I am dedicating this month’s column to something other than coaching, cajoling and editorializing about the real estate industry and its leaders.
We’ve talked many times about procrastination and time management, to the point that I deem it almost redundant to repeat it ever again!
Yet, recently my wife and I listened attentively as one of our Rabbis addressed the congregation on the topic of How Do You Measure Time?
She caught the congregation’s attention with the lyrics of Seasons of Love:
Five hundred twenty-five thousand, six hundred minutes. How do you measure a year in the life?’
Moments so dear…how do you measure a year?
In daylights, in sunsets, in midnights, in cups of coffee, in inches, in miles, in laughter, in strife…how do you measure a year in the life?
As we approach 2007, we have an opportunity to decide what the year will teach us. How will we spend our days and our time? What values will fill our hours?
Joshua Herschel taught “that unlike the space-minded man to who all time is unvaried, iterative, and homogenous, to whom all hours are alike, qualities, empty shells. There are no two hours alike…each is unique and the only one given at the moment, exclusive and endlessly precious.”
Whoever and wherever we came from, our ancestors at one time or another experienced slavery of some sort. Now we are slaves to work. We need to work and we do. But is it necessary to work seven days a week? Six days of the week are filled with imaginative and creative possibilities.
We live in a world that is speeding by. We plan weeks in advance to have get-togethers with friends because our schedules are so full. We turn to our Blackberrys and our Palms, searching for a spare time slot. Are your days spent crossing off things in your To Do list?
Let me illustrate from the address that my wife and listened to recently.
There is a simple, magical book called Momo by Michael Ende. It appeals to children, but it had a theme that concerns all of us.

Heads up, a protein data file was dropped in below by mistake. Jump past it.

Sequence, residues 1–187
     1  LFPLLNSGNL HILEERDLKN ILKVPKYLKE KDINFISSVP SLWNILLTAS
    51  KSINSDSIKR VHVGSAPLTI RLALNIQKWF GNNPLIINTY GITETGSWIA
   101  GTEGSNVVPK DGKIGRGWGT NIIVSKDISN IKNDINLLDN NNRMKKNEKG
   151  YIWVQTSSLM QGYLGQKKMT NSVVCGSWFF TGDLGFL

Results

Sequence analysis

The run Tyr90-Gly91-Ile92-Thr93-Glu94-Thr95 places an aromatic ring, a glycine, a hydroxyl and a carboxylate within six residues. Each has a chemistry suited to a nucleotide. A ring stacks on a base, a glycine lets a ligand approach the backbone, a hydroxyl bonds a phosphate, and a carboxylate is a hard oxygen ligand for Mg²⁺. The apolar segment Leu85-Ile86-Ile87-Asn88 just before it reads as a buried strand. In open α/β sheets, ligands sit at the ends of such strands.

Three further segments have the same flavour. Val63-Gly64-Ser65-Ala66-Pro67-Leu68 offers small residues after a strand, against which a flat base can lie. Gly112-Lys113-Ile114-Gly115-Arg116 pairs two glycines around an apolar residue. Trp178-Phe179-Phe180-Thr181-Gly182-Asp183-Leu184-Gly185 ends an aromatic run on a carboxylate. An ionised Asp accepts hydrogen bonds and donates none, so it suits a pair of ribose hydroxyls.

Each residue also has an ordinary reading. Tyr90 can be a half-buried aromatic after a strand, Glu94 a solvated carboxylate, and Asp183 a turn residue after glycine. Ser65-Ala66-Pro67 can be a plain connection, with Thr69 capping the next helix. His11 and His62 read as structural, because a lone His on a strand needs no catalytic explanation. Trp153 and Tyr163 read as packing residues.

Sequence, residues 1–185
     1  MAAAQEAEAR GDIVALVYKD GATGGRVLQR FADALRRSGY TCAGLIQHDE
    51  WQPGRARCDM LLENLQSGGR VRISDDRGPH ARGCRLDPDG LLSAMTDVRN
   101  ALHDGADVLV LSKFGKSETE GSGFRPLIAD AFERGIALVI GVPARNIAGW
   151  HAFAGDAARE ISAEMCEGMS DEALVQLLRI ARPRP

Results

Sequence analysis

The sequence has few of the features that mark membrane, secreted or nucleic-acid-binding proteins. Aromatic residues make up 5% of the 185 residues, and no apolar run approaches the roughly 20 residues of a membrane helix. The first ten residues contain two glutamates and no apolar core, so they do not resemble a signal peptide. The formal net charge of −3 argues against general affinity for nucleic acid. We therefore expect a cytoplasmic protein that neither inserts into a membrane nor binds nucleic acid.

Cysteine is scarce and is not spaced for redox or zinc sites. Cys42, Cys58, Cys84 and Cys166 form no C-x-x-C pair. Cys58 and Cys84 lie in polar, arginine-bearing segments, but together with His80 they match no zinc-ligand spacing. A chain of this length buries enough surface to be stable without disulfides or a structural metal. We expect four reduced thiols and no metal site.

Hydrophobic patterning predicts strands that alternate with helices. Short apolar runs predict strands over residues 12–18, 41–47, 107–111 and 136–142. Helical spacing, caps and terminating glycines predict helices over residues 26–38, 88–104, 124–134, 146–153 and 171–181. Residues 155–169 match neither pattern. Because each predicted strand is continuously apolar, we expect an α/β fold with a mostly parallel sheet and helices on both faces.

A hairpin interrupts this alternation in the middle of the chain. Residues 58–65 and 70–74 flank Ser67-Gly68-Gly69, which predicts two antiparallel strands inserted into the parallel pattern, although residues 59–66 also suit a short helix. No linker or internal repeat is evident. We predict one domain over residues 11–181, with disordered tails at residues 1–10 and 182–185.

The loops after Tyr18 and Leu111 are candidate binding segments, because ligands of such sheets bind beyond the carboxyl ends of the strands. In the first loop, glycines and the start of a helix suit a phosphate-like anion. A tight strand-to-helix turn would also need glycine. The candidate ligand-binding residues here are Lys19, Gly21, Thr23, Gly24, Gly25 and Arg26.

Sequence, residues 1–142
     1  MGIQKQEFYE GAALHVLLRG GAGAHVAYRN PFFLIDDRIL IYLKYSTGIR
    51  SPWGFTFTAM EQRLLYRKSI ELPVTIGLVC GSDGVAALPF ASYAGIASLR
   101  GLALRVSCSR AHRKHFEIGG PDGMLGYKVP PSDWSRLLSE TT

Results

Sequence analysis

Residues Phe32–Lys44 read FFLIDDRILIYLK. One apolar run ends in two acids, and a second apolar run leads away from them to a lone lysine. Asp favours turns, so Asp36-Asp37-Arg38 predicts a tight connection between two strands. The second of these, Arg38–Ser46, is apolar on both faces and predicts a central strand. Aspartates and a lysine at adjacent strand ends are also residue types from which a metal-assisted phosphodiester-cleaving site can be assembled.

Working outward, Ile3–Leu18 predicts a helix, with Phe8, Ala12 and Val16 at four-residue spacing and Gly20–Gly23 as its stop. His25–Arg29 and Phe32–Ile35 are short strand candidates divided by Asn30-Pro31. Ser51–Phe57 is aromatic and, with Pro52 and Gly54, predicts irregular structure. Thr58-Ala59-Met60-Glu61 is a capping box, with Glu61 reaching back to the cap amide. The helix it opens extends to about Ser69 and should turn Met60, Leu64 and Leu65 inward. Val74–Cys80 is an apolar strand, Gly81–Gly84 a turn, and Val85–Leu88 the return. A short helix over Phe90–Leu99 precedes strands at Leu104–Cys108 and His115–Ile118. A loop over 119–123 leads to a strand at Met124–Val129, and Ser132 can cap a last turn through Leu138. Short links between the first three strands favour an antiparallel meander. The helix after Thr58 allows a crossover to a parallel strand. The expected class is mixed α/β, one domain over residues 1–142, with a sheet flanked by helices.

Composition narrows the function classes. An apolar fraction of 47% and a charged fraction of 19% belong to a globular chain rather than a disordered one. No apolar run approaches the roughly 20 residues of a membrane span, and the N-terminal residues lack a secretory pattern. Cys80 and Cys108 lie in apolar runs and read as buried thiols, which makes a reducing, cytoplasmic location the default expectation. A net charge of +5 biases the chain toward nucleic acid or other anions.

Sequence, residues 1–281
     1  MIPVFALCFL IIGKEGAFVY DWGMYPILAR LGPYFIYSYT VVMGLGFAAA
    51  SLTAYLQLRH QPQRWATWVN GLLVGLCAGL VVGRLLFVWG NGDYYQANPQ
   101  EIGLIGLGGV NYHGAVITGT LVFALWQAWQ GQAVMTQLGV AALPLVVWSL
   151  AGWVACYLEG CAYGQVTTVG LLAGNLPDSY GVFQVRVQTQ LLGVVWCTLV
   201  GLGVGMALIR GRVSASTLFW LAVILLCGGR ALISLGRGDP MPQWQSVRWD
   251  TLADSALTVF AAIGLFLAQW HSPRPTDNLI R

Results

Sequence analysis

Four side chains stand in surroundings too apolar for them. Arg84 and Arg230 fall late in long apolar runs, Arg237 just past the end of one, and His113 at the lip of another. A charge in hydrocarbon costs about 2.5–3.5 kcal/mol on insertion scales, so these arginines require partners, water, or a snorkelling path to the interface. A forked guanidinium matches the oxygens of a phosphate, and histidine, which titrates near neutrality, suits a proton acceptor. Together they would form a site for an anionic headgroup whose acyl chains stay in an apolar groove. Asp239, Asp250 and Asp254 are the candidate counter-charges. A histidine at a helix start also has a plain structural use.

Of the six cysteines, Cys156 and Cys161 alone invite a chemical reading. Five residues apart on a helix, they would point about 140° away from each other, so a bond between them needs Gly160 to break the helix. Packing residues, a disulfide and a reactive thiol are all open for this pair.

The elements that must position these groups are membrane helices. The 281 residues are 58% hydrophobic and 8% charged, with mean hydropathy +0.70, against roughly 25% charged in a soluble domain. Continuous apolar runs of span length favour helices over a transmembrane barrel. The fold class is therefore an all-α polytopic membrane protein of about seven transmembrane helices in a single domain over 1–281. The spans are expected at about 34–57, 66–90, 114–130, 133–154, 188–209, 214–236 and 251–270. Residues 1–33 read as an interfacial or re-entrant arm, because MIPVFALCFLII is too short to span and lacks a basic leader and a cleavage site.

It is a story of Momo, a homeless waif. The neighbours decide to take care of her and she takes care of them by listening to them. This has a magical effect because she actually hears what they say and they discover the roots of their problems.
The villains in the story are Gray Men, guys in gray suits who live off stolen time. In order to perpetuate themselves, they visit people with free time and encourage them to become “timesavers.”
The Gray Men’s sales pitch: All saved time goes into Timesavers Bank, where it will earn interest. So if people will work harder and longer, it will repay them with a wonderful tomorrow. Any visits from the Gray Men are instantly forgettable as they are blank and boring.
So, the city becomes a bustling metropolis full of overworked and unhappy people who can’t remember why they chose to work this way.
Momo is a thorn in the side of the Gray Men, because she has all the time she wants and knows how to enjoy it.
Who and what are the men in gray suits willing to take the joy out of your days? Each of us has the shadow of a time thief behind us.
This is the time of year for each of us to re-evaluate the gift of time and what it is that we live for. Candlelit dinners are not an extravagance. Just having coffee with friends is not something to be jammed between important meetings, but is an important meeting of minds and hearts and a sharing of that which is precious with someone special. Having dinner with friends and family is not a chore, but is an opportunity for connection.
The Psalmist says: “How precious time.”(Psalm 90) “Teach us to count our days rightly that we may obtain a wise heart.”
Let’s spend more time looking at the beauty of the world, in spite of all that swirls around us on the global plane.
We should be asking ourselves this: if each of us have the same number of hours and days in the week and the same number of months in the year, how do we deal with the time given to us?
A close friend of mine said that there’s conclusive proof that if time is well spent, the following will result: Goals will be attained. Things to be done that really matter will happen. Our families and friends will be well served by completing and accomplishing tasks, without any undue pressure from the “Gray Men.”
Most of us would like to subscribe to the theme of this article, save but for the “Gray Men.” We can’t eliminate them completely, they will always be there.
But just think of the joy and the satisfaction of completing the smallest of tasks that would please you and your family. Maybe you could make this a new year’s resolution – in addition to going back to the gym and going on a diet!
May you all have a joyous celebration with family, friends and colleagues this holiday season, and a healthy and prosperous 2007!
Author’s note: With kind acknowledgement to Rabbi Lori Cohen,
Stan Albert is celebrating his 35th year in active real estate. He serves on the Complaints, Compliance and Discipline Committee at RECO, and on two committees at the